fighting spam and scams on the Internet
"419" Scam – Advance Fee / Fake Lottery Scam
The so-called "419" scam is a type of fraud dominated by criminals from Nigeria and other countries in Africa. Victims of the scam are promised a large amount of money, such as a lottery prize, inheritance, money sitting in some bank account, etc.
Victims never receive this non-existent fortune but are tricked into sending their money to the criminals, who remain anonymous. They hide their real identity and location by using fake names and fake postal addresses as well as communicating via anonymous free email accounts and mobile phones.
Keep in mind that scammers DO NOT use their real names when defrauding people.
The criminals either abuse names of real people or companies or invent names or addresses.
Any real people or companies mentioned below have NO CONNECTION to the scammers!
Read more about such scams here or in our 419 FAQ. Use the Scam-O-Matic to verify suspect emails.
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Some comments by the Scam-O-Matic about the following email:
- An email address listed inside this email has been used in a known fraud before.
- This email uses a separate reply address that is different from the sender address. Spammers use this to get replies even when the original spam sending accounts have been shut down. Also, sometimes the sender addresses are legitimate looking but fake and only the reply address is actually an email account controlled by the scammers.
- The following phrases in this message should put you on alert:
- "million dollars" (they want you to be blinded by the prospect of quick money, but the only money that ever changes hands in 419 scams is from you to the criminals)
- "your urgent reply" (scammers rush victims so they don't have time to think properly)
- This email message is a 419 scam. Please see our 419 FAQ for more details on such scams.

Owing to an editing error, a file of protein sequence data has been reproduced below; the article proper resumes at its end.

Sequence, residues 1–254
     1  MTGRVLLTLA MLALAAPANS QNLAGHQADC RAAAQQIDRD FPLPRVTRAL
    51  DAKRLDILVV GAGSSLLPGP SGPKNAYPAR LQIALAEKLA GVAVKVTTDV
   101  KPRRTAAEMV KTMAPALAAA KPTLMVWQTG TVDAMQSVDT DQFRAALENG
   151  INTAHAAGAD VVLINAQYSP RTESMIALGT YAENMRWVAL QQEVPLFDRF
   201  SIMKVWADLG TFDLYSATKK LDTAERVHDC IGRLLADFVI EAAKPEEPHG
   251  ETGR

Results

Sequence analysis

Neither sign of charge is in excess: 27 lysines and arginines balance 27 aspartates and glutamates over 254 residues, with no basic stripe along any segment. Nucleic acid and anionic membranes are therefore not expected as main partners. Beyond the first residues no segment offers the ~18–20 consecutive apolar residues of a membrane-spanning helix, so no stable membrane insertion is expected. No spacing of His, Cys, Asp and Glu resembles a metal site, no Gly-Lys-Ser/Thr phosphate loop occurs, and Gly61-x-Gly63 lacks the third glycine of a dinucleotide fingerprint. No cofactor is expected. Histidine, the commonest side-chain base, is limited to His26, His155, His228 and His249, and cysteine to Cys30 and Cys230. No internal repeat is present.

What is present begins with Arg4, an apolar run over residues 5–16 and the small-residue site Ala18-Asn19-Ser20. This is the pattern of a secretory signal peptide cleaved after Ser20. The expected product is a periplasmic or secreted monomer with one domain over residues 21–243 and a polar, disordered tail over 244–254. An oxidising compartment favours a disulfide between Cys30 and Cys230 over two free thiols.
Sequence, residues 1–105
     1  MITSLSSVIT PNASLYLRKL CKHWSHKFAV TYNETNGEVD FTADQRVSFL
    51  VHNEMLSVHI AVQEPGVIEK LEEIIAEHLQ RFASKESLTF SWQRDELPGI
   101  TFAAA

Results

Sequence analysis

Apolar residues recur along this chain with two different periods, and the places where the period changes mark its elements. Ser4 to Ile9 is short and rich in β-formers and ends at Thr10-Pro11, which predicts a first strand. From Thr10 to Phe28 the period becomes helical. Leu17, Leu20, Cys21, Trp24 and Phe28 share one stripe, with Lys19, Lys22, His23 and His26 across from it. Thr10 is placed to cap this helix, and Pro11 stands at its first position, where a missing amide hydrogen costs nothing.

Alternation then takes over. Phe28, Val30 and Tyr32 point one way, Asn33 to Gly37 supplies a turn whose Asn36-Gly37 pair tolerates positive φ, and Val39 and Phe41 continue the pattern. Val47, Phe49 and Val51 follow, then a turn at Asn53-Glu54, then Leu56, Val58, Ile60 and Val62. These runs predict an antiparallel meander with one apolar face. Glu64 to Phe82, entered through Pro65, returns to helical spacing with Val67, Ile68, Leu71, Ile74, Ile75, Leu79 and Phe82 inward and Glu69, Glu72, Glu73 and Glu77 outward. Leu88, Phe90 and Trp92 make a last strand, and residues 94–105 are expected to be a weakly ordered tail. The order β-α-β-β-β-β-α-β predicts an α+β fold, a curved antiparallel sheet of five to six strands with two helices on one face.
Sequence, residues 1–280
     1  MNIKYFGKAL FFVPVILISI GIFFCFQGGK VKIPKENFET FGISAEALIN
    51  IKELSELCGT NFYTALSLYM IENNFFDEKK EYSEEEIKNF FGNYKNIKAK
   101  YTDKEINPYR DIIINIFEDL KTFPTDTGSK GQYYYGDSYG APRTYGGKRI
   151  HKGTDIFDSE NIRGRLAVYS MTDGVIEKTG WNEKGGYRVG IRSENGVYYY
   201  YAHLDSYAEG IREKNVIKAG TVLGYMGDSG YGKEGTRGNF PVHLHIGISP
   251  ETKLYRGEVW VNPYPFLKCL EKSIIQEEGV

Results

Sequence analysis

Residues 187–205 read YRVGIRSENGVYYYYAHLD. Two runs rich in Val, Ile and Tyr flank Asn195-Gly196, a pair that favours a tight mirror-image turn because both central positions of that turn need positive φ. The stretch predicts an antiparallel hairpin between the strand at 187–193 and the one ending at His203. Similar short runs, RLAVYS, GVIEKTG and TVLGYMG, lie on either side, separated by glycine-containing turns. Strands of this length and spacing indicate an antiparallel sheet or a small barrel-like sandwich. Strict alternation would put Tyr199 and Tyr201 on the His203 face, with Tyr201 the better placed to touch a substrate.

- This email lists free webmail addresses. Use of such addresses is typical for scams. Lotteries, banks and any but the smallest of companies do not normally use such addresses. Criminals use them to anonymously send and receive email at Internet cafes.
- email@example.com (email address has been used in a known fraud before)
Fraud email example:
From: "Colonel Najmi Al-Nakua" (may be fake)
Date: Tue, 25 Jul 2017 02:20:19 -0700
Subject: YOUR URGENT REPLY IS NEEDED (INVESTMENT PROJECT)ar
I am Colonel Najmi Al-Nakua from Libya, the new appointment deputy to PM Faiez Serraj, I got your e-mail address from the investment dictionary list worldwide; I need a honest and trust worthy business partner for investment project worth 13.5 Million Dollars.
The transaction will be 100% safe, all I need is your honest and full support till the end of the business, and then I will be very happy to accept you as my business partner; your kind urgent answer is needed immediately.
You have 35% share of the total investment funds worth 13.5 Million Dollars after all transaction is completed by you, if you are interested send your reply to this address: firstname.lastname@example.org
Your urgent reply is highly needed.
Colonel Najmi Al-Nakua